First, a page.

Intention

I am still in search of that elusive “it” that sets the professional pianist apart from the amateur. This is something I’ve been mulling over for the better part of the last year. I am more and more convinced that it has much to do with intention. 

The amateur performer relies to some degree on chance. She knows that preparation is important and spends many hours practicing, but there is always an element of unknowing – Will my hands make that leap accurately? Will I express at the keyboard exactly what is in my heart? Will I remember the notes in that difficult section? Will I start the piece too fast and watch it fall apart? Conversely, it seems that the professional approaches practice sessions quite differently. Instead of hoping things will turn out well 4 out of 5 times, she plans for things to turn out well. There is intentionality in the practice: If a phrase is not executed perfectly in practice, she will work on it, either through much repetition or through thoughtful problem-solving, or a combination of the two, until it can be executed perfectly every time. This takes an incredible amount of patience, focus, and discipline.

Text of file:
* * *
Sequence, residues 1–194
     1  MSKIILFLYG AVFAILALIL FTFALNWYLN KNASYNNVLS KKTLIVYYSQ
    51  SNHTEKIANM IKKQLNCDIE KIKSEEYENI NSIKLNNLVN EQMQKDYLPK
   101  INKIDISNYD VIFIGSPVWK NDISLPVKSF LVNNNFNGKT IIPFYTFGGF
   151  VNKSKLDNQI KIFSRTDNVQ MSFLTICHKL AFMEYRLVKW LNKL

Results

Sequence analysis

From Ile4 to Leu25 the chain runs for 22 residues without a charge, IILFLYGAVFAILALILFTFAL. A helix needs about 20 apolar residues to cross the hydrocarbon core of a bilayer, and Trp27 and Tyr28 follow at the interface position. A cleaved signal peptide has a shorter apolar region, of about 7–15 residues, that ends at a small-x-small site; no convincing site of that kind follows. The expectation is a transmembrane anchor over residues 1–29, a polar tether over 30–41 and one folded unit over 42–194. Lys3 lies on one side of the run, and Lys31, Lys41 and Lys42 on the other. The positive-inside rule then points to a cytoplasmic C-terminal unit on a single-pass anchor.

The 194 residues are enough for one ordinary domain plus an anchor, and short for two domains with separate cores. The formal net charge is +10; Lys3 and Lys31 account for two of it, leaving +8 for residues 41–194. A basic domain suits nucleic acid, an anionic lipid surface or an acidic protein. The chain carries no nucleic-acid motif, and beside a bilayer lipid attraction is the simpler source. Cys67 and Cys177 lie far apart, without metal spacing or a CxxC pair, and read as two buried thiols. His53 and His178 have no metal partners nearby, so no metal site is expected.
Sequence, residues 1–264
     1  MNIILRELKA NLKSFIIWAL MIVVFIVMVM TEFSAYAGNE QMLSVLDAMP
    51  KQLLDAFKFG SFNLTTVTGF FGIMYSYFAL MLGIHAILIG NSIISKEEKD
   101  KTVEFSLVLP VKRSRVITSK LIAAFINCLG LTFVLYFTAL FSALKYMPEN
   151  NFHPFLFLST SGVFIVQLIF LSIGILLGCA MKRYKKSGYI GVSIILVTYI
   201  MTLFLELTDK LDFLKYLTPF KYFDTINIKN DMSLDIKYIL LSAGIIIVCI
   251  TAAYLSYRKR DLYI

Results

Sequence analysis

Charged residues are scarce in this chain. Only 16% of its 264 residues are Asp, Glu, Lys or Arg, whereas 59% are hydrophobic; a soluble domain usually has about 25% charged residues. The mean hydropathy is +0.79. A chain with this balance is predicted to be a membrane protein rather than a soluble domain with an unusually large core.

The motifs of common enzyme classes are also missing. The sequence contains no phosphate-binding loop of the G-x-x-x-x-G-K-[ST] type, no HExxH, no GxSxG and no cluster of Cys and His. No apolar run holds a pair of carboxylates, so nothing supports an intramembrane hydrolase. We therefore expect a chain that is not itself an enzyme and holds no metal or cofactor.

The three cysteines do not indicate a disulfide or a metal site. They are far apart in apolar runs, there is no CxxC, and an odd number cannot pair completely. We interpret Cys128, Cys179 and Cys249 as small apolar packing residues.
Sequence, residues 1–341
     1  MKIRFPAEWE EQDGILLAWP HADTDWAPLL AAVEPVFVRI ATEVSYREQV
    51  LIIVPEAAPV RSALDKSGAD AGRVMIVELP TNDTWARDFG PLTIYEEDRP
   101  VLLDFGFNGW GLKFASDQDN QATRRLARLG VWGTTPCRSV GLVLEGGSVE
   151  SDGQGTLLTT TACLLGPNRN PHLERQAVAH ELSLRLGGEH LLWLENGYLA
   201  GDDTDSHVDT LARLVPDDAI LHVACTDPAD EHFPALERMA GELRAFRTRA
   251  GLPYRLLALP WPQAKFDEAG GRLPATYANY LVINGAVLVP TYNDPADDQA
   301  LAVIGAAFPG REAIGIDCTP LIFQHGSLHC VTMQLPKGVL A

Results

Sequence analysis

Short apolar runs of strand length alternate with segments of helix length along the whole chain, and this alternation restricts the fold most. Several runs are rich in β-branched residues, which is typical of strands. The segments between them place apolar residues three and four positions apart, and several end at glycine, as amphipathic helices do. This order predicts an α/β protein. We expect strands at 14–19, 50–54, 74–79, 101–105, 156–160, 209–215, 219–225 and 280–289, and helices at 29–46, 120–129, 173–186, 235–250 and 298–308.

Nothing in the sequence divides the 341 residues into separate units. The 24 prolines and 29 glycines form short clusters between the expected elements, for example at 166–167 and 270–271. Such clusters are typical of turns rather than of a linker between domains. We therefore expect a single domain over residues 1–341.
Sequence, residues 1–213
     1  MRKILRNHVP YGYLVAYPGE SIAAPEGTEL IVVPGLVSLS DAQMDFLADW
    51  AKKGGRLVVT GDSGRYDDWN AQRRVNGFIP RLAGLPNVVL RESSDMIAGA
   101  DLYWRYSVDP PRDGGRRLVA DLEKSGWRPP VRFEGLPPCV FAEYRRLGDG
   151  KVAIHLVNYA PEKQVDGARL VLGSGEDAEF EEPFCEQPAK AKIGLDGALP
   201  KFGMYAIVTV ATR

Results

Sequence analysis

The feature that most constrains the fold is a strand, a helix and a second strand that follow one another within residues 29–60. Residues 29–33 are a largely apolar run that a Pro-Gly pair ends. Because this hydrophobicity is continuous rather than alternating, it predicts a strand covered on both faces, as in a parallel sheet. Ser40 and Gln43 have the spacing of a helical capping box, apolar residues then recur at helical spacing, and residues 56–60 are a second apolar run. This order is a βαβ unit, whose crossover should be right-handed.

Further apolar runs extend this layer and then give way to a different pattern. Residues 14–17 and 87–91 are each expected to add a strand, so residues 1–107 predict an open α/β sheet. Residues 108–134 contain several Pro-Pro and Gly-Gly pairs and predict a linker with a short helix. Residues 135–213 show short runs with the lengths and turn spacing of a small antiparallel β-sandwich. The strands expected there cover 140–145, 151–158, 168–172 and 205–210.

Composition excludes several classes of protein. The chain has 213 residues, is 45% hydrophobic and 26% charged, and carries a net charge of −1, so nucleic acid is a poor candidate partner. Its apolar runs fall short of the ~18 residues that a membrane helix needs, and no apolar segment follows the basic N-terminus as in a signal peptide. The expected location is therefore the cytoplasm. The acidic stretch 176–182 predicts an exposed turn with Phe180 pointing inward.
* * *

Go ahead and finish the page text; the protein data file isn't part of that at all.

I am continuing to work on the repertoire from my recent CD release. (Music is never really “done;” there is always something an artist can improve on.) As late as this morning, I found that I had been practicing some wrong notes (horrors!). 

The first song of my Ginastera set, the Creole Dances Opus 15, is slow and beautiful and wretchedly exposed. I question every phrase, every nuance, and every color of every note. The piece is a dance and should have a dance-like, lilting quality to it. But I don’t want it to be taken too literally - there should be some vague dreamy qualities as well. It is marked pianissimo, so it should be played quietly, but I also want it to sing. There are so many contradictions within the 90-second dance. Every decision is important. Everything “counts” because it is so exposed. As I play, I think I am over-analyzing, and I throw everything out the window and just play as beautifully as I can. But then, did I let loose too much? Some notes stick out at the expense of others, and other notes don’t sing as they should. The beginning of one phrase was taken too fast, and there should be more breathing room before going on to the next phrase. I play back the recording I made on my iPhone; it sounded better when I was playing it live! The recording forces me to listen objectively, away from the piano, and to consider what worked and what didn’t. I return to the piano to work more deliberately, slowly, and with greater intention.

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